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The Neuroscience of Pricing

Neuroeconomics has progressed to decision neuroscience - the biological study of how we really make decisions. We can apply some of this new research directly to consumer pricing strategy issues.


For example, in an inflationary environment;

 * How many price points should we offer our consumers?
 * How do we determine what those prices should be?
 * How do we optimise a dynamic pricing strategy?

The answer to at least some of these questions might come from the neuroscience of decision making.


As research from Peter Bossaerts and Casten Murawski point out “...the availability of a third, clearly inferior, option makes people choose the lower value option from a pair of options more frequently...".


We must be very careful to distinguish here between ‘price’ and ‘value’. Bossaerts is talking about perceived value, not price. So, conversely, when we create a set of three price points, adding in the lowest value, which is often most attractive to consumers in terms of price, reduces the probability that the consumer will take the higher price option. If we only present the higher two price points, the higher one is chosen more frequently. Our decision making depends on the available range of choices.

This may seem obvious and although classical economics has always seen value as an unchanging quantity, we have always known, intuitively, that context is important. But dynamic pricing has highlighted the importance of context. Amazon, for example, have lead the way with dynamic pricing. Since 2012 they have systematically changed their prices on line every 15 minutes or so! The price and value context of decision making for Amazon consumers is very dynamic because it’s easier to do this on line than in a bricks and mortar store but the principle applies everywhere. Prices must be taken in context and they are changing more rapidly. Consumers are therefore reframing their buying decisions more frequently. And now we have a neurological mechanism which supports that feeling.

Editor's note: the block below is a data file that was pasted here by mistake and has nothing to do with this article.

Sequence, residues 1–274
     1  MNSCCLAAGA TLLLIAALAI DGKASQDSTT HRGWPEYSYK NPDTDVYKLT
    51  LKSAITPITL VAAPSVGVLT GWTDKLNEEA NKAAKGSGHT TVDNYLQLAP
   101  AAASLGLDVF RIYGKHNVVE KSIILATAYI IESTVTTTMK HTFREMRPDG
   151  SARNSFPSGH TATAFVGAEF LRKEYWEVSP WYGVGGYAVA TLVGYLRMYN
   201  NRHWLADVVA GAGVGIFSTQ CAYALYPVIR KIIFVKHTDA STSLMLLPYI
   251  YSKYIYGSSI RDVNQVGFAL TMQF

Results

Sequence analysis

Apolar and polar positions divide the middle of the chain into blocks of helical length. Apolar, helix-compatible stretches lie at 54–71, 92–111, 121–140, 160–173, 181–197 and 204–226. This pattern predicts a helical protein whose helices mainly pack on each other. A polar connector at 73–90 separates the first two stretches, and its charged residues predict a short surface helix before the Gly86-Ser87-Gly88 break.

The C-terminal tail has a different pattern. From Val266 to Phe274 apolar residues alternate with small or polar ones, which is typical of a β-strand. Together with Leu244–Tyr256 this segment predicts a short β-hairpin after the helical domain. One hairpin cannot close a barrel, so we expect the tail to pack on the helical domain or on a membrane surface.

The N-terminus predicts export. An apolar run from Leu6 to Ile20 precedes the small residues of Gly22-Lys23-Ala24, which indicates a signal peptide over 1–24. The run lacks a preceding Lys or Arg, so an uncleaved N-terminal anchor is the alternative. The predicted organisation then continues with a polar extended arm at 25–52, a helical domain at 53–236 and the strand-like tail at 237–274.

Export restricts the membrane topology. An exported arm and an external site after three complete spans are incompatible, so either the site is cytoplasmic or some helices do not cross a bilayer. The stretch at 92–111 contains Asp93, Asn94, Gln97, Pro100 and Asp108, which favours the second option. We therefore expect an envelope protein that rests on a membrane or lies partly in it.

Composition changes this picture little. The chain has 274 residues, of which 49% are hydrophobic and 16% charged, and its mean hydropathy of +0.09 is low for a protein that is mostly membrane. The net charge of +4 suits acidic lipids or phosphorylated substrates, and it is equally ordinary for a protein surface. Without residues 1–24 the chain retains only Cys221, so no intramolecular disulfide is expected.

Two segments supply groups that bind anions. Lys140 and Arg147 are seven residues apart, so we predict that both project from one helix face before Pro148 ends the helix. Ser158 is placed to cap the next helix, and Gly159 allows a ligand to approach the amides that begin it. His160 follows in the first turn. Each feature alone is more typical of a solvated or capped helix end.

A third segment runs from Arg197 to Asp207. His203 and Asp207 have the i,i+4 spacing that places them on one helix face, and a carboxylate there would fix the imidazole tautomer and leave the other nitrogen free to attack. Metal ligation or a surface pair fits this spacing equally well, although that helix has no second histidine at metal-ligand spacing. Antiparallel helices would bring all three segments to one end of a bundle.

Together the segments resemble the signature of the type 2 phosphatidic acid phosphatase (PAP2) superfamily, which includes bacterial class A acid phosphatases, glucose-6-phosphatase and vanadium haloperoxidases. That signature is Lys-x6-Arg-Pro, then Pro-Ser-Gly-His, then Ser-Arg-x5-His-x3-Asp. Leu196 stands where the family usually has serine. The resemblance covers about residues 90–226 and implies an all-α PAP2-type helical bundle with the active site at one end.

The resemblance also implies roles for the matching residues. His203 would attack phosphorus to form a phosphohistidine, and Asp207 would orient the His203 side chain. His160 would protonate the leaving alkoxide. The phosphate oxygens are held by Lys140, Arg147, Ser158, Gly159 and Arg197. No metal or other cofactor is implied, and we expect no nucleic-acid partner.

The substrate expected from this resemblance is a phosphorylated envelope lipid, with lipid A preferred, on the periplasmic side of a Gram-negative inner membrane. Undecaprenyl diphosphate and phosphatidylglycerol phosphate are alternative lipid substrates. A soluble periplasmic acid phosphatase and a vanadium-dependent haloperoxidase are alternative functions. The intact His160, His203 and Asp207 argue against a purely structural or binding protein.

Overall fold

Not surprisingly, it seems that we have a neural mechanism specifically designed to allow us to make new choices in the context of our options.


This re-valuation of perceptions reflects a neural re-scaling process with a mathematical counterpart usually referred to as 'divisive normalisation'.


This is all about context.

Do contact us for a chat about the research behind these findings and the very significant impact on your pricing strategy they can have.  For example;

* Value perceptions after deflationary or inflationary price changes can be optimised and depend on the price position of the product within the available product range
* Strategically, in an inflationary environment, is it better to have your prices in the higher end of the competitor pricing distribution or the lower end - our research can find out.
* Our mathematical analytics can be used a part of predictive modelling tool to deliver quantitative estimates of changes in perceived values in a rapidly changing price environment.

At Watson Gill, we can build the mechanics of customer valuation into our predictive models of a product’s environment so that we can model consumer perceptions of price changes as well as actual price changes.

By applying our expertise in the optimisation we can go further and build models which can eventually optimise your price distributions, considering not only your own key price points but also their location within the range of prices widely available to your consumers; the whole market context.